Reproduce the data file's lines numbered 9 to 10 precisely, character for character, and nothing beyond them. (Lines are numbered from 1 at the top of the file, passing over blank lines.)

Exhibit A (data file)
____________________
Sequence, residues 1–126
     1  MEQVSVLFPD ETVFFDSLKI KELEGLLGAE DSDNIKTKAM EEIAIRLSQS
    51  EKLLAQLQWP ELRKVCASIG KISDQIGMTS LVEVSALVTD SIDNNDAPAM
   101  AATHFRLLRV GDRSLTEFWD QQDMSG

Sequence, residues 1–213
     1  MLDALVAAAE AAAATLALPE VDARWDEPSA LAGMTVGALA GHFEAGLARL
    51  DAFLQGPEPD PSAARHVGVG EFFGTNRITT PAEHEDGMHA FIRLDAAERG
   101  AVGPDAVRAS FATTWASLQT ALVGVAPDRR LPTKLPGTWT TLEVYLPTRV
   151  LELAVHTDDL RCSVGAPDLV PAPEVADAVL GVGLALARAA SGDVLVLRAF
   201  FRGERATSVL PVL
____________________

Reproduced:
   151  LELAVHTDDL RCSVGAPDLV PAPEVADAVL GVGLALARAA SGDVLVLRAF
   201  FRGERATSVL PVL